Daniel Vickery described this tumultuous event thus “On Saturday, October 1, 1853, the Yeovil Branch of the Bristol and Exeter Railway was opened with great ceremony. A procession was formed, consisting of the Yeovil Brass Band; the members of the Yeovil Guardian Friendly Society, with banners; Sergeant-at-mace, in full uniform; the Portreeve and Burgesses; and a numerous attendance of the authorities and the tradesmen of the town. The Chairman and Directors having arrived by train were received by Thomas Binford Esq., the Portreeve, who addressed them in the following words: "Gentlemen, I am happy to see you. I have no robe of office, neither have I a written address; but I have brought you that which is far better, thousands of warm hearts and happy faces." Mr Buller, the Chairman, responded to these few hearty words of welcome in corresponding terms and the Directors having joined the procession, all returned, in the order in which they came, to the Mermaid Inn. A dinner was provided by Mr Watts, at the Town Hall, which was presided over by the Portreeve. Several loyal and local toasts were given and responded to and the company did not retire (with the exception of the Directors, who were compelled to leave earlier) till a late hour. And so was inaugurated the Bristol and Exeter Railway to Yeovil."
Elizabeth Binford died in Yeovil on 12 April 1857 after a short illness, aged 67. Thomas died at Yeovil on 24 May 1858, aged 69. His will was proved the following month and his estate valued at "under £7,000" (around £7.6 million at 2017's value).
Yeovil Lands owned by thomas binford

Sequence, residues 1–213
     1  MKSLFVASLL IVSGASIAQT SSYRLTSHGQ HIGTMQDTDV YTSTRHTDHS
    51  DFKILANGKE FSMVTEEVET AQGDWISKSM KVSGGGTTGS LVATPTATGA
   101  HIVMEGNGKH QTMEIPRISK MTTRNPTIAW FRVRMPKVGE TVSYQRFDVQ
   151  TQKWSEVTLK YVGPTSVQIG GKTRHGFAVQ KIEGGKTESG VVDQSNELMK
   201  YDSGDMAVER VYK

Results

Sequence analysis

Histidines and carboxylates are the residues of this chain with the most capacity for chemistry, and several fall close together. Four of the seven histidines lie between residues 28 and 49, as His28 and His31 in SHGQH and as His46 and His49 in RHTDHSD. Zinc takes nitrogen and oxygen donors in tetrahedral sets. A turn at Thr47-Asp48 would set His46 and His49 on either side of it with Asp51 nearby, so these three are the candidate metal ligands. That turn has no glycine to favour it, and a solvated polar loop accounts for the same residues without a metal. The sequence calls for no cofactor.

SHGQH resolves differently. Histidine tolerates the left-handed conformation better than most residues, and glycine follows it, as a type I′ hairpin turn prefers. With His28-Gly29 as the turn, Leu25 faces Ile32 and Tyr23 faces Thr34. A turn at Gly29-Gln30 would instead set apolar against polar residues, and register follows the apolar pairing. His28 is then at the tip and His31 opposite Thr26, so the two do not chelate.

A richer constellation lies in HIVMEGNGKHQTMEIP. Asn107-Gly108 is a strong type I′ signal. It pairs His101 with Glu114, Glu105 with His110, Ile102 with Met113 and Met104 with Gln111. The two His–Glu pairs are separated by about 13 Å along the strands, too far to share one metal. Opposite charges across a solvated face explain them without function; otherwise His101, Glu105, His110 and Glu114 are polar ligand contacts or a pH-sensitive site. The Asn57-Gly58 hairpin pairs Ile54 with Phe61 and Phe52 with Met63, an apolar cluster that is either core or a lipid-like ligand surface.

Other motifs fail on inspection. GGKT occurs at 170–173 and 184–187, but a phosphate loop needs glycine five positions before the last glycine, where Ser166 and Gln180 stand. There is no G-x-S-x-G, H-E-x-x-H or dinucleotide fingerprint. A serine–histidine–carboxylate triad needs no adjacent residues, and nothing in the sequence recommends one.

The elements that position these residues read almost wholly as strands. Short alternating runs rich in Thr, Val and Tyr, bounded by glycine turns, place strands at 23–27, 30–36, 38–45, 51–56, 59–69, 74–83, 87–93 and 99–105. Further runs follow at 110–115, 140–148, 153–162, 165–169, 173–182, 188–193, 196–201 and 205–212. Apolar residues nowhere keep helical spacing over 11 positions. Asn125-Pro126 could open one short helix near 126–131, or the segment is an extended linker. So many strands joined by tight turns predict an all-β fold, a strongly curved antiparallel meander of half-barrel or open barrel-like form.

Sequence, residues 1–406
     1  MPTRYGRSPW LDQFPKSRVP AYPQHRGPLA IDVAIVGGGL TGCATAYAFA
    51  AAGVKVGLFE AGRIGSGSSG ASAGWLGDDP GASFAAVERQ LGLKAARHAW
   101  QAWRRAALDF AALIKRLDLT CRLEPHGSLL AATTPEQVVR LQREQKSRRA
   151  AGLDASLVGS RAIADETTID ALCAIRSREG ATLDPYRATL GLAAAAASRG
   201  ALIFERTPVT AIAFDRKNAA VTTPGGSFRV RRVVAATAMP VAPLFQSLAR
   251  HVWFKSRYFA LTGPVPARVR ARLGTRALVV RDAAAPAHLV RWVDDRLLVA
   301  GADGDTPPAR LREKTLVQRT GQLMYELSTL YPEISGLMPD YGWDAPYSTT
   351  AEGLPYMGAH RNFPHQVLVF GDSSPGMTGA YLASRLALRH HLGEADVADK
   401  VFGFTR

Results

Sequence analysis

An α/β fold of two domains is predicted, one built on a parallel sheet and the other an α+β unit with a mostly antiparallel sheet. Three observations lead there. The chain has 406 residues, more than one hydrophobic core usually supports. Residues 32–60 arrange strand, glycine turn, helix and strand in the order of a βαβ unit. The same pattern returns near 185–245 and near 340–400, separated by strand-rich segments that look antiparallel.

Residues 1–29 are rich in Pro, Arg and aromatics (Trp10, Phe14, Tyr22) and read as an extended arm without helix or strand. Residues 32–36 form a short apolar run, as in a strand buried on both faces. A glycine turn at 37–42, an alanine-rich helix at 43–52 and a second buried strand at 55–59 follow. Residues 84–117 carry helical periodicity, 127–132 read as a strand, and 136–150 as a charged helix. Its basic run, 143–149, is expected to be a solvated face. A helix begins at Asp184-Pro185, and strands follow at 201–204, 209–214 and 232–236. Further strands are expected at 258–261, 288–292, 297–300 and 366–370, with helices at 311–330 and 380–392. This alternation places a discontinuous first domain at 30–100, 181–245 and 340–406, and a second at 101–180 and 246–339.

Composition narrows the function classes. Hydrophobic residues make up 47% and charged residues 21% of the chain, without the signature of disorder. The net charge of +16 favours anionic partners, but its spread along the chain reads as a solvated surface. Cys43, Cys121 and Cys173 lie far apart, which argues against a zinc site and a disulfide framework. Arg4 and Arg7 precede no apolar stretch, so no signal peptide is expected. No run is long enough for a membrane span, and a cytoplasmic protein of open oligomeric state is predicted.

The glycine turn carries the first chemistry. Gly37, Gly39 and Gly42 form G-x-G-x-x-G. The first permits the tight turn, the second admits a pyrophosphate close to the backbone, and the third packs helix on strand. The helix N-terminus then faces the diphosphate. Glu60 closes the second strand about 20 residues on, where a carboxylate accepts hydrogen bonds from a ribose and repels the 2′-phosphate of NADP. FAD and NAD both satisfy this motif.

In the 1832 and 1834 Poll Books Thomas Binford was listed by virtue of owning a freehold house - Borough House - in the Borough. At this time he lived at Clyst Honiton in Devon. The following list of his land holdings comes from the 1846 Tithe Apportionment of Yeovil.
|Binford, Thomas||Binford, Thomas||235||House, Garden, etc. [Borough House]|
|Binford, Thomas||Longman, Henry||571||In Gold Croft|
|Binford, Thomas||Newman, Berkley||592||Hewish|
|Binford, Thomas||Holt, Thomas||958||Sydling's Mead|
|Binford, Thomas||Pitcher, John||989||Thomas' Cross|
|Binford, Thomas||Vicary, James||991||Marsh Furlong|
|Binford, Thomas||Tucker, James||1000||Garden, A|
|Binford, Thomas||Tucker, James||1001||Ridgeway|
|Binford, Thomas||Longman, Henry||1018||Sharp Acre|
|Binford, Thomas||Tucker, James||1028||Higher Goldspit|
|Binford, Thomas||Tucker, James||1029||Lower Goldspit|
Courtesy of Mike Monk
Thomas Binford was present at the Battle of Trafalgar, as a 14-year old Midshipman, aboard HMS Prince.
The notice of sale of Thomas Binford's substantial residence, The Parsonage, Clyst Honiton, Devon, in the 18 October 1841 edition of the Western Flying Post.
From the 13 September 1853 edition of the Western Flying Post, these letters were the beginning of the end of the position of Portreeve - Thomas Binford was the penultimate Portreeve and John Ryall Mayo was the first Mayor of Yeovil that replaced the Portreeve.
This photograph of about 1915 shows Borough House, at left, set well back from High Street. By the time of this photograph the building was used as municipal offices. The tree and shop at centre are in the position of where King George Street now joins High Street and the tall building at right is the old Town Hall (built in 1849) with its tower and gas-illuminated clock, installed in 1912.
A photograph of Borough House taken about 1880 showing the fine Corinthian columns supporting the porch and the bow-headed window above - a nice architectural touch.
The notice of Thomas' death in the 1 June 1858 edition of the Western Flying Post.